Published: Jan 1958
| ||Format||Pages||Price|| |
|PDF Version (200K)||8||$25||  ADD TO CART|
|Complete Source PDF (1.4M)||8||$55||  ADD TO CART|
Although it was developed primarily for the analysis of fissionable materials, the capillary trap method for oxygen in metals should have wide usefulness. As in vacuum fusion, the sample is fused in a graphite crucible with a flux, but a stream of argon at atmospheric pressure is used in place of high vacuum. Carbon monoxide is converted by Schütze's reagent to carbon dioxide, which is condensed in a capillary trap and measured with a capillary manometer. Most determinations require only 12 min. Platinum is preferred as a flux because it has a very low vapor pressure and dissolves only a moderate amount of carbon, avoiding the “solidification” which occurs with iron. Platinum is not an effective flux for the refractory metals such as tantalum and tungsten; platinum-cobalt and platinum-iron alloys dissolve these metals but give somewhat low results on known samples. The platinum bath gave a standard deviation of 7 ppm on 50-mg plutonium samples, and samples with added oxygen gave correct results within 2 per cent of the total oxygen. Twenty-two elements and numerous alloys have been analyzed. The method is especially recommended for rapid routine determinations.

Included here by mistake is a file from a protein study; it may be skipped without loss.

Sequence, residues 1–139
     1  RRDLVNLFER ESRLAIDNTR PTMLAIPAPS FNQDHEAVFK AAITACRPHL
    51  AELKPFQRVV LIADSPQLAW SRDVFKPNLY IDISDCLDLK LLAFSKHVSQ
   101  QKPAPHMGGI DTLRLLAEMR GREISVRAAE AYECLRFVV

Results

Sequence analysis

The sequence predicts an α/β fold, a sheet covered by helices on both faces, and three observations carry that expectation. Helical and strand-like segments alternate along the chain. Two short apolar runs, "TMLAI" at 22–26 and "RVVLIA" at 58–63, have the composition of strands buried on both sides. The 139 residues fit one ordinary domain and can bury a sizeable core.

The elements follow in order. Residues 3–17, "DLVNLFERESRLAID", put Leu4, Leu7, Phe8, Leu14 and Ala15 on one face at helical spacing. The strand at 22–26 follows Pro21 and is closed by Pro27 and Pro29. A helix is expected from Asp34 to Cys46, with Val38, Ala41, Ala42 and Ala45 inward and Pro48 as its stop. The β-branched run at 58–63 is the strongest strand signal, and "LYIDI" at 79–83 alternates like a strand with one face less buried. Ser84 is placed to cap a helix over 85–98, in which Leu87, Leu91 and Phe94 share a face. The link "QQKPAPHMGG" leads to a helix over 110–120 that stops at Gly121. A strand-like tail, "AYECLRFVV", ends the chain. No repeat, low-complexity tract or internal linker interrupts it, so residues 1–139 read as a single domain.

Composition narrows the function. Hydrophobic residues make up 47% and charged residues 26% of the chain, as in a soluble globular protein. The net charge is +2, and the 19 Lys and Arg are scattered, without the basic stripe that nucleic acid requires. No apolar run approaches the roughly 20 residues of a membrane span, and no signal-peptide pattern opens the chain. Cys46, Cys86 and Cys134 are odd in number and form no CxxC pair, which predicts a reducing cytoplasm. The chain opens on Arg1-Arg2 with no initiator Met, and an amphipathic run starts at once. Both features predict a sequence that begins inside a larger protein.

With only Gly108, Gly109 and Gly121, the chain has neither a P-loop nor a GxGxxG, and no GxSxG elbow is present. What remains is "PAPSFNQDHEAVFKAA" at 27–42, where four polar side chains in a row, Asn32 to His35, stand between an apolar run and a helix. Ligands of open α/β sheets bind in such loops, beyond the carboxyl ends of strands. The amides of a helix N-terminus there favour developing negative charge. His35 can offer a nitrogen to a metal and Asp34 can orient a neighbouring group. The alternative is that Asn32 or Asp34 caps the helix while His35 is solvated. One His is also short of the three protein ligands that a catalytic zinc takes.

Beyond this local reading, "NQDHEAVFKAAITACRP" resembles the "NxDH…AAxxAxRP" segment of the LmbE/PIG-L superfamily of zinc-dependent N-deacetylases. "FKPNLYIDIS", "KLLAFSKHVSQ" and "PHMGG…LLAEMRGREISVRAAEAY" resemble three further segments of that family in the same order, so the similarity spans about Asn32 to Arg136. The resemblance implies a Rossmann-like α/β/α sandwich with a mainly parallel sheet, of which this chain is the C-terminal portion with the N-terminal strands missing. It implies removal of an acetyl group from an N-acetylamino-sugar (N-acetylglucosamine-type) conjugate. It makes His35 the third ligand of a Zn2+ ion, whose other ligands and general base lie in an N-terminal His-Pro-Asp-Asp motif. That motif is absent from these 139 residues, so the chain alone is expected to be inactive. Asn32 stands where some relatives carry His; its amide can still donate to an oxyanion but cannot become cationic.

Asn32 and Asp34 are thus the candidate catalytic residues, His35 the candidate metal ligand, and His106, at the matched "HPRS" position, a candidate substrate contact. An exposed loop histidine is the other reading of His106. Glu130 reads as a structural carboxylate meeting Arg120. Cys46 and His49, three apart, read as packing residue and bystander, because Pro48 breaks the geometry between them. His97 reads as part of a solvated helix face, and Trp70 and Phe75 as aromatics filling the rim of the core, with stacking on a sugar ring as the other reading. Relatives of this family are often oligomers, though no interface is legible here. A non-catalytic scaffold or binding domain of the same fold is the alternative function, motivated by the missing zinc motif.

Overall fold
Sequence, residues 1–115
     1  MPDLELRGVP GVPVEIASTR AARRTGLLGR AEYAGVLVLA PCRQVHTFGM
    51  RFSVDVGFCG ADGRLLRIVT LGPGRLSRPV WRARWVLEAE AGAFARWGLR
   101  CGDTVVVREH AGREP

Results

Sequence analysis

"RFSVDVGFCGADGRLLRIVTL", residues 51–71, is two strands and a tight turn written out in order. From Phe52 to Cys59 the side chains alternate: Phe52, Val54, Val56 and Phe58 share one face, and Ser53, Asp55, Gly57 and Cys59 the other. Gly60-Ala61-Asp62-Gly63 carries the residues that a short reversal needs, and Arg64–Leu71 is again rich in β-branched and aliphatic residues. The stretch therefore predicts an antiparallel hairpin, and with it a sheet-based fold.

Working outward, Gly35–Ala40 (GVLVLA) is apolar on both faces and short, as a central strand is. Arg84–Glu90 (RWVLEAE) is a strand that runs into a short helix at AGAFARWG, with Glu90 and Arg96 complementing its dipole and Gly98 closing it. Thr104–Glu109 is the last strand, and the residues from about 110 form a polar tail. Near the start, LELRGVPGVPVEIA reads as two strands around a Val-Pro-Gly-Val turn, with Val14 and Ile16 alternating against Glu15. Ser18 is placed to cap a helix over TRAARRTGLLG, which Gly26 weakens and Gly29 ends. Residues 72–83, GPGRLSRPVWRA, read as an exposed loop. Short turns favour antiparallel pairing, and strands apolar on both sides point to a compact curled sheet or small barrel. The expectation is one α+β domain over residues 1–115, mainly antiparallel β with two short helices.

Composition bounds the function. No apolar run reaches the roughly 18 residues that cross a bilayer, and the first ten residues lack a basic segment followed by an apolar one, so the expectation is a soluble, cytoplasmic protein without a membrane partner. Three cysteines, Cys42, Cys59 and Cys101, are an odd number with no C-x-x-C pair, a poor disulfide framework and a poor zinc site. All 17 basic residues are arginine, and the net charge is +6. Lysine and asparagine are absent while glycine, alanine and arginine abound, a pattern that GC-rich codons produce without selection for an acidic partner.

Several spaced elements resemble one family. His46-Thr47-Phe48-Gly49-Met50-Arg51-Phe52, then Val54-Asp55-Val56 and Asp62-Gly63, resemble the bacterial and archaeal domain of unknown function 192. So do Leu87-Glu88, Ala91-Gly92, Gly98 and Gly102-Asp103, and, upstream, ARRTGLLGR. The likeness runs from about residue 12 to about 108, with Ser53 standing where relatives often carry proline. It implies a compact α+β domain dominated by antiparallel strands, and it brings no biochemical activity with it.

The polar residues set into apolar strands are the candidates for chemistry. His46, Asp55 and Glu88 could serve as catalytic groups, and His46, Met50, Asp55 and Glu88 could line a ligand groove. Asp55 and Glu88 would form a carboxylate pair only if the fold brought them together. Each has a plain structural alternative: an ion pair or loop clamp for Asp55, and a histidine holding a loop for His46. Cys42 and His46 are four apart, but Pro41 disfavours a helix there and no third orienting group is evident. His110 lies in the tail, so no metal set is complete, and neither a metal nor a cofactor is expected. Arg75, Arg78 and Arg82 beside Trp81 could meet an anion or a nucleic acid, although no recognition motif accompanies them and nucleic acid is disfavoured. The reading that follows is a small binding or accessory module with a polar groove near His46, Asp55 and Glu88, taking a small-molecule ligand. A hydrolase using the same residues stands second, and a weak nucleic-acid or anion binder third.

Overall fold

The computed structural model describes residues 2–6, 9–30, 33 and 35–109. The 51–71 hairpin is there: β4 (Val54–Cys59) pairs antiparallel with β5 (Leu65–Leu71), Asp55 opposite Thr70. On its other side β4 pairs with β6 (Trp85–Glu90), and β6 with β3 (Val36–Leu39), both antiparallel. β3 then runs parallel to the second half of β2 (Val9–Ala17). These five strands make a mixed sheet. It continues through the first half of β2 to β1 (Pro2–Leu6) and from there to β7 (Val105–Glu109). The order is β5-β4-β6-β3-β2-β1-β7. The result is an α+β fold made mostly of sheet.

Smiley, William G.
University of California, Los Alamos Scientific Laboratory, Los Alamos, N. M.
Paper ID: STP41197S